The regulation or purported monitoring of businesses falling under professions that are self-regulating ostensibly using the regulations relating to goods is also unlawful in that it subjected professions to regulation by a body other than their professional bodies.

Professions such as of doctors, accountants, real estate agents and lawyers have their own professional regulatory bodies which are usually independent and must not be controlled by anyone to maintain the integrity and credibility.

This self-regulation is done for standards to be set and maintained by persons with the knowledge of the workings and ethics of these professions.

For a taskforce set up and controlled by the Minister of Industry and Trade to purport to regulate these professional bodies is illegal, highly unethical and seriously compromises their independence and self-regulation

It follows therefore that the past and any ongoing detentions of business executives were and are unlawful and smack of political expediency and reckless populist considerations.

Business owners were sacrificed on the altar of political expediency.

This is yet another example, after the farm invasions, of the government’s propensity to resort to looting and expropriation to gain short term political support.

This culture of flagrant lack of respect for private property rights has been at the centre of investor loss of confidence in the Zimbabwean economy.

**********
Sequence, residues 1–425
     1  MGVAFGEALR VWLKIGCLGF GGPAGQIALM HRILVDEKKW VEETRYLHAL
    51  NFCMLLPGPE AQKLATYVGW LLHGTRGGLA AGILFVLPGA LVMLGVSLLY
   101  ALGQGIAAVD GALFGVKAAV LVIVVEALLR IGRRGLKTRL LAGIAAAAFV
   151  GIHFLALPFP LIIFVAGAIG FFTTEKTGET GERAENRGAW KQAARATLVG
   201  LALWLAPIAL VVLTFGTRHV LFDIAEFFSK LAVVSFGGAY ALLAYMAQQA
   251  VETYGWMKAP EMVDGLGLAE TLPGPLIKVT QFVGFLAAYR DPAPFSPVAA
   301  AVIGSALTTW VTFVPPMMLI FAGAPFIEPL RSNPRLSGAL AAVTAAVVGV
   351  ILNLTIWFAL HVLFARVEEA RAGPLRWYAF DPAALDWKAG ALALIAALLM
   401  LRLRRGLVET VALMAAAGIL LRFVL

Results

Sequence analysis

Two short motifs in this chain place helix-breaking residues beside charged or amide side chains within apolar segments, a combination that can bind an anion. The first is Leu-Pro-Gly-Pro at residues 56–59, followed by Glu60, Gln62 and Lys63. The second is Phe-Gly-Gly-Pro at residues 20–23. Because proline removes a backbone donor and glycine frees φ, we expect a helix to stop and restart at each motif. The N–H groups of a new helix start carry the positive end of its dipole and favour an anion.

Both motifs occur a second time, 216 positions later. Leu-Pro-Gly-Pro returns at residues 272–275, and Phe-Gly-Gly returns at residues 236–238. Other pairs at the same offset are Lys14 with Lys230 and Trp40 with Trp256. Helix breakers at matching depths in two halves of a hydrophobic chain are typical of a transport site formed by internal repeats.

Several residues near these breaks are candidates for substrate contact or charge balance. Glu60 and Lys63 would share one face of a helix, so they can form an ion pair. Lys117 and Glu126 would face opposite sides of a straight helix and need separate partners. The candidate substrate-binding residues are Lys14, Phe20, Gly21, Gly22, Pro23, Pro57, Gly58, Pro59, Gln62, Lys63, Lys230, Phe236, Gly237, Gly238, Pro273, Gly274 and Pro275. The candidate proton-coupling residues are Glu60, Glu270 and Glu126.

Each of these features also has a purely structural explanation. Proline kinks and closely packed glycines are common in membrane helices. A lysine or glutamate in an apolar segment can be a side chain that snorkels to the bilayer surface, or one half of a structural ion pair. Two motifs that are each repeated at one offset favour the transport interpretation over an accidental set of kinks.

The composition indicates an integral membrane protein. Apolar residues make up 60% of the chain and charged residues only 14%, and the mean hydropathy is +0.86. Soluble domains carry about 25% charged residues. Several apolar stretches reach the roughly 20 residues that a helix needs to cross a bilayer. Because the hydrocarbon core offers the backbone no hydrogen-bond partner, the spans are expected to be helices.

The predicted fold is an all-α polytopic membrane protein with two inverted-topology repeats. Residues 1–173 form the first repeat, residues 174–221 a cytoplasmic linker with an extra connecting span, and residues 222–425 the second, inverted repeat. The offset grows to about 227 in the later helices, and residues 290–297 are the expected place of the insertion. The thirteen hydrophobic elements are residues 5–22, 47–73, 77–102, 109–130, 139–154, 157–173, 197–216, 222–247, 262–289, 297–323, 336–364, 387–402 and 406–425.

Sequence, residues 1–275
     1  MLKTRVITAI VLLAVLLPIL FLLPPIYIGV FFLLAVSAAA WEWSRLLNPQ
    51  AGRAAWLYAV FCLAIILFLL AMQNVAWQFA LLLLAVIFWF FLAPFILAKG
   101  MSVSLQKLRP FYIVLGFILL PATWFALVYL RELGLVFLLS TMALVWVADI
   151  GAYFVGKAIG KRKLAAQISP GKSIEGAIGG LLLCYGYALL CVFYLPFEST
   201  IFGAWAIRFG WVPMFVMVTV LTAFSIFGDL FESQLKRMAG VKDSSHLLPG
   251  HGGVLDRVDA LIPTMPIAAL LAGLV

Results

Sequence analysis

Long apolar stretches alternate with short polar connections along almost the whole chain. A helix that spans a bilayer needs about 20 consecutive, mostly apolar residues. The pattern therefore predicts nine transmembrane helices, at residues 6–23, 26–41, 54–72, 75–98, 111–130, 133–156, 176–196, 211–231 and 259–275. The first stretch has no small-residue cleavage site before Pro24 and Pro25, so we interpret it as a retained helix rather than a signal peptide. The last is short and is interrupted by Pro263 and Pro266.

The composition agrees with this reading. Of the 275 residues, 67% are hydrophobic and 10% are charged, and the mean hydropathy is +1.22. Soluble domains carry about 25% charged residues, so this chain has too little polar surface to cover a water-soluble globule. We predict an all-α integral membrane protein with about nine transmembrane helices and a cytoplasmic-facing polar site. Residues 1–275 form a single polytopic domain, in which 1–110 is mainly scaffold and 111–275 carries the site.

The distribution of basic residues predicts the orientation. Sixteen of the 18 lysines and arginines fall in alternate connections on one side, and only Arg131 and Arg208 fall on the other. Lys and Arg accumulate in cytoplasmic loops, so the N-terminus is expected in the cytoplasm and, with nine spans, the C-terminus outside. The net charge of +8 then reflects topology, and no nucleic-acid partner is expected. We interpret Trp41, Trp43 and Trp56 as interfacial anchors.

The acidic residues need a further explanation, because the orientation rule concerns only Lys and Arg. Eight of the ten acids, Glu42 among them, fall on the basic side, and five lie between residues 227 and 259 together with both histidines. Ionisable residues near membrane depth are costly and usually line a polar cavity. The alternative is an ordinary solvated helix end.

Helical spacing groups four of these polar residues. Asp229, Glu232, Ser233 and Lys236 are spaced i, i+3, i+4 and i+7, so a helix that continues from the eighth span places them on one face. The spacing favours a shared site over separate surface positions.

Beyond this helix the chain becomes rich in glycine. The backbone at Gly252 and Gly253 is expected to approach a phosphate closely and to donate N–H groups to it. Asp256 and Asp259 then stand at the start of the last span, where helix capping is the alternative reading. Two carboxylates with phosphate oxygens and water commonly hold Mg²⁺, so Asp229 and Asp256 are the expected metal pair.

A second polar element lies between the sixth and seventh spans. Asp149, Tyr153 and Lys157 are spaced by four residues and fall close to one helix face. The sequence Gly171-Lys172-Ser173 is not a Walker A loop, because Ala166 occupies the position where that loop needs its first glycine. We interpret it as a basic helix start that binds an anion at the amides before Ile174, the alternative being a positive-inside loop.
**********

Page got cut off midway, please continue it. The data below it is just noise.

This view is buttressed by the statement of the president to the effect that the government will expropriate businesses which do not comply with the government’s orders to reduce prices.

It is therefore clear beyond doubt that the decision to slash prices without regard to the viability of businesses and the continued availability of such goods if business adhered to these ridiculous prices was a political as opposed to an economic decision.

Zimbabwe’s economy can only recover if there is restoration of good governance and the rule of law, respect for human dignity and rights and a culture and climate of accountability and anti-impunity.

This cannot be achieved so long as the public policy making process is privatised and subordinated to narrow and short term party political expediency.

Without respect for the rule of law and human rights economic development will forever remain a pipe dream.

*Trust Maanda and Arnold Tsunga are lawyers with the Zimbabwe Lawyers for Human Rights.